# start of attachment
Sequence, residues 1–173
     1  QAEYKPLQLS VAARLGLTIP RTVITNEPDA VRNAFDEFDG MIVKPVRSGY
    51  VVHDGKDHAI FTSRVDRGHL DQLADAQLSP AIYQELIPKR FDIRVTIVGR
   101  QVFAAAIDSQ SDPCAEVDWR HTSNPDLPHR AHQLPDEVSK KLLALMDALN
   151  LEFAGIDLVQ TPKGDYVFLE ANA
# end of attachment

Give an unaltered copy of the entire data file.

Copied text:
Sequence, residues 1–173
     1  QAEYKPLQLS VAARLGLTIP RTVITNEPDA VRNAFDEFDG MIVKPVRSGY
    51  VVHDGKDHAI FTSRVDRGHL DQLADAQLSP AIYQELIPKR FDIRVTIVGR
   101  QVFAAAIDSQ SDPCAEVDWR HTSNPDLPHR AHQLPDEVSK KLLALMDALN
   151  LEFAGIDLVQ TPKGDYVFLE ANA